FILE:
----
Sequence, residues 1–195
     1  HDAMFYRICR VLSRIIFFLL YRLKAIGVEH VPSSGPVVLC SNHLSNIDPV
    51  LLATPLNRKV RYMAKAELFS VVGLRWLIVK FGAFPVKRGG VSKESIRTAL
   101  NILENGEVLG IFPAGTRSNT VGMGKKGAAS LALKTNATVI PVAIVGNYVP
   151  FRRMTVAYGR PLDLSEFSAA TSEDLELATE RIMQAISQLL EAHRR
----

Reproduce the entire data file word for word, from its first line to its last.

Sequence, residues 1–195
     1  HDAMFYRICR VLSRIIFFLL YRLKAIGVEH VPSSGPVVLC SNHLSNIDPV
    51  LLATPLNRKV RYMAKAELFS VVGLRWLIVK FGAFPVKRGG VSKESIRTAL
   101  NILENGEVLG IFPAGTRSNT VGMGKKGAAS LALKTNATVI PVAIVGNYVP
   151  FRRMTVAYGR PLDLSEFSAA TSEDLELATE RIMQAISQLL EAHRR